Case Law Alerts
The composite employment incidents test: when may the New Jersey Division of Workers' Compensation invoke jurisdiction?
In April of 2000, the petitioner, a resident of Staten Island, New York, applied for a full-time position with United Parcel Service ("UPS") as a package delivery driver. The petitioner's interview and requisite physical examination were conducted at UPS's Edison, New Jersey, facility which handled the application process for all Staten Island employees. On July 24, 2000, the petitioner was hired by UPS via a telephone call to his home in Staten Island. The petitioner soon underwent a mandatory 30-training period, which included a one- to two-week driving class at UPS's Tinton Falls, New Jersey, facility and on-the-job training with experienced drivers in Staten Island. Following the successful completion of his training and a probationary period, the petitioner was assigned the status of permanent employee with UPS working exclusively in Staten Island. Although the petitioner's mandatory union membership with the International Brotherhood of Teamsters was through its local in Hillside, New Jersey, he reported to his supervisors, received route assignments and job duties and picked up his paychecks at UPS's main Staten Island facility. On October 28, 2003, and August 9, 2004, the petitioner sustained injuries to his low-back during his Staten Island route. The petitioner filed actions in the New York Division of Workers' Compensation and received temporary disability benefits and medical treatment pursuant to the New York statute. The petitioner then filed claim petitions with the New Jersey Division of Workers' Compensation for his October 28, 2003, and August 9, 2004, injuries in an attempt to obtain permanent disability benefits which are unavailable under the New York statute. UPS moved for dismissal of the petitioner's New Jersey claims for lack of jurisdiction. Following trial, the judge of compensation dismissed the petitioner's claims with prejudice, concluding that there was no compelling reason to invoke New Jersey's jurisdiction. The petitioner appealed, arguing that New Jersey had sufficient contacts with the employment relationship to exercise jurisdiction. In affirming the judge of compensation's ruling, the Appellate Division relied on Williams v. Port Authority, 175 N.J. 82 (2003), in which the Supreme Court cited the following factors to be considered in determining whether an employee has sufficient contacts with the New Jersey Division of Workers' Compensation to warrant jurisdiction:  the place where the injury occurred;  the place of making the contract;  the place where the employment relationship exists or is carried out;  the place where the industry is localized;  the place where the employee resides; or  the place whose Statute the parties expressly adopt by contract. "We are satisfied," the Appellate Division concluded, "that the composite employment incidents present a most compelling identification of the employment relationship with [the State of New Jersey.]" Here, both accidents occurred in New York; the employment contract was made in New York when the petitioner accepted the job with UPS via a phone call to his home in Staten Island; and the petitioner resides in New York. Further, all of the petitioner's route assignments and job duties emanated from UPS's main Staten Island facility. The Appellate Division found unconvincing the petitioner's argument that the judge of compensation should have placed greater emphasis on his assignment to a union local in Hillside, New Jersey, to establish contact with New Jersey for jurisdictional purposes. "The mere fact that the union, within its sole prerogative, assigned Petitioner to a New Jersey local," the Appellate Division reasoned, "does not detract from the clear evidence that Petitioner's employment relationship with UPS was carried out in New York."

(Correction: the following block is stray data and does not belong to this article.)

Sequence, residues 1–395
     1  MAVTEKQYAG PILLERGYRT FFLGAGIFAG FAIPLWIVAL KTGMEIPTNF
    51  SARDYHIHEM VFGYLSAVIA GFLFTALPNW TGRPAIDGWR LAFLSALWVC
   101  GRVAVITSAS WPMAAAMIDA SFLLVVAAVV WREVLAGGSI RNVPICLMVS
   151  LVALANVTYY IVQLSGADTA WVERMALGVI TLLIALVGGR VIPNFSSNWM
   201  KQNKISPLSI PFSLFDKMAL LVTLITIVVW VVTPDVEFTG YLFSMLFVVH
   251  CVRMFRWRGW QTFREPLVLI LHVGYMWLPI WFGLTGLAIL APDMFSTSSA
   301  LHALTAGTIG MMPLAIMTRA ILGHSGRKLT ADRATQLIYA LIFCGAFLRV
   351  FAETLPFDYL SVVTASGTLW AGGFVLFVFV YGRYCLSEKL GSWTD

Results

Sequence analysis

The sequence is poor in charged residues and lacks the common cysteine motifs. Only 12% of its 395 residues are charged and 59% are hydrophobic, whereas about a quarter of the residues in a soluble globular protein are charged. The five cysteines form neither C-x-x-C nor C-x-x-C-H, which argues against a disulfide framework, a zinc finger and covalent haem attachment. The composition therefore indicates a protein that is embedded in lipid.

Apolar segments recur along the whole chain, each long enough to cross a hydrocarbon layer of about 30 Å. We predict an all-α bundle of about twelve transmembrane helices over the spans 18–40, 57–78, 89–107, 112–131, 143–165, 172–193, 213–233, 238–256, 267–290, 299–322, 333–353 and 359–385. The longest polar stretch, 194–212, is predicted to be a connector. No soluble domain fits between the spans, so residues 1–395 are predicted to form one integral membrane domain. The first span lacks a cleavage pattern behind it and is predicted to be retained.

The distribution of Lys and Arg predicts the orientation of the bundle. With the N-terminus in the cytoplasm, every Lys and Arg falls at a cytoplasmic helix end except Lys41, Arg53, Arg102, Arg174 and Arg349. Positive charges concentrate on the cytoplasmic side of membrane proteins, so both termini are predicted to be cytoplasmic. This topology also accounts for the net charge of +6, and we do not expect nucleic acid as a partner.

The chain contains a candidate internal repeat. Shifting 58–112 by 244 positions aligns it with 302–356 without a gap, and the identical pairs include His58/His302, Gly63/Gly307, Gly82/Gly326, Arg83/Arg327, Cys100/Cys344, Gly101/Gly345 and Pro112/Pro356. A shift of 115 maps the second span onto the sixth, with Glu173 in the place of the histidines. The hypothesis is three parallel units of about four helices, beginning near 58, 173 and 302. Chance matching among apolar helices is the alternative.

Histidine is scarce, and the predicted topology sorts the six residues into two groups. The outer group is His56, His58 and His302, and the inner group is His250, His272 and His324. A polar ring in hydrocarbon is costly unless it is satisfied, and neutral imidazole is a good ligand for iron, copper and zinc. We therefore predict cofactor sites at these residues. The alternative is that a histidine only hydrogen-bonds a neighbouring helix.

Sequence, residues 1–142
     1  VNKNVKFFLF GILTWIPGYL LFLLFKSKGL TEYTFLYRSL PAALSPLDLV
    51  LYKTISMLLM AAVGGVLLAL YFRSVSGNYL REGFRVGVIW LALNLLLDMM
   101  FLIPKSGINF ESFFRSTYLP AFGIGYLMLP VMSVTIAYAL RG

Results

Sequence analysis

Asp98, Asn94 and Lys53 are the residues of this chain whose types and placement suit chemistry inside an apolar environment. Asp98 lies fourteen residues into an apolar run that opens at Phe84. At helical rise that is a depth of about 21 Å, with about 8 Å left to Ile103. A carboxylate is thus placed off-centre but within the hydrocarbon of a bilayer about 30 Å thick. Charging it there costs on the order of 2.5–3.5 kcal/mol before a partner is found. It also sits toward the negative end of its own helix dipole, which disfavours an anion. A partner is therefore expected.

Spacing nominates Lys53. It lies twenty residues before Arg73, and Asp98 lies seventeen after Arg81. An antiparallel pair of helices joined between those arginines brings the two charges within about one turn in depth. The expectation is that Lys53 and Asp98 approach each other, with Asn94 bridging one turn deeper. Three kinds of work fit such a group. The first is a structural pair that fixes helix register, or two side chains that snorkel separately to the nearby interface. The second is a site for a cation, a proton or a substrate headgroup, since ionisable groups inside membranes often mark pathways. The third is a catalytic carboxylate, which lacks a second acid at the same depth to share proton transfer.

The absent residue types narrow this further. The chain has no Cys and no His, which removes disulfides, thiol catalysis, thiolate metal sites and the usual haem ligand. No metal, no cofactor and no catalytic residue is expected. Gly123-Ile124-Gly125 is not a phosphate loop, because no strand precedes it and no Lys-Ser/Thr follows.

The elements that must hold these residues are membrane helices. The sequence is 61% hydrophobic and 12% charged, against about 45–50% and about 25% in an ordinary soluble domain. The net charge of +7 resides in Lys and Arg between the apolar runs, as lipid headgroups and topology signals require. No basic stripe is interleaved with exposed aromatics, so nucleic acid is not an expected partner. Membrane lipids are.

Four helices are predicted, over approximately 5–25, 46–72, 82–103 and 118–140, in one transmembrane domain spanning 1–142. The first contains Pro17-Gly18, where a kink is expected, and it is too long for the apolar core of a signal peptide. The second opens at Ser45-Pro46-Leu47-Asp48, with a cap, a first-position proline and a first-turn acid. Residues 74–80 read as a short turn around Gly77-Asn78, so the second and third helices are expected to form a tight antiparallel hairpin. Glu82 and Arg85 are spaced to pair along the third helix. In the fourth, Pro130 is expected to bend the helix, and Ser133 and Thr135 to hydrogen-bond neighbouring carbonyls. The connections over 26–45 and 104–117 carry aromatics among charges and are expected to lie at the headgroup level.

Case Law Alert - 3rd Qtr 2010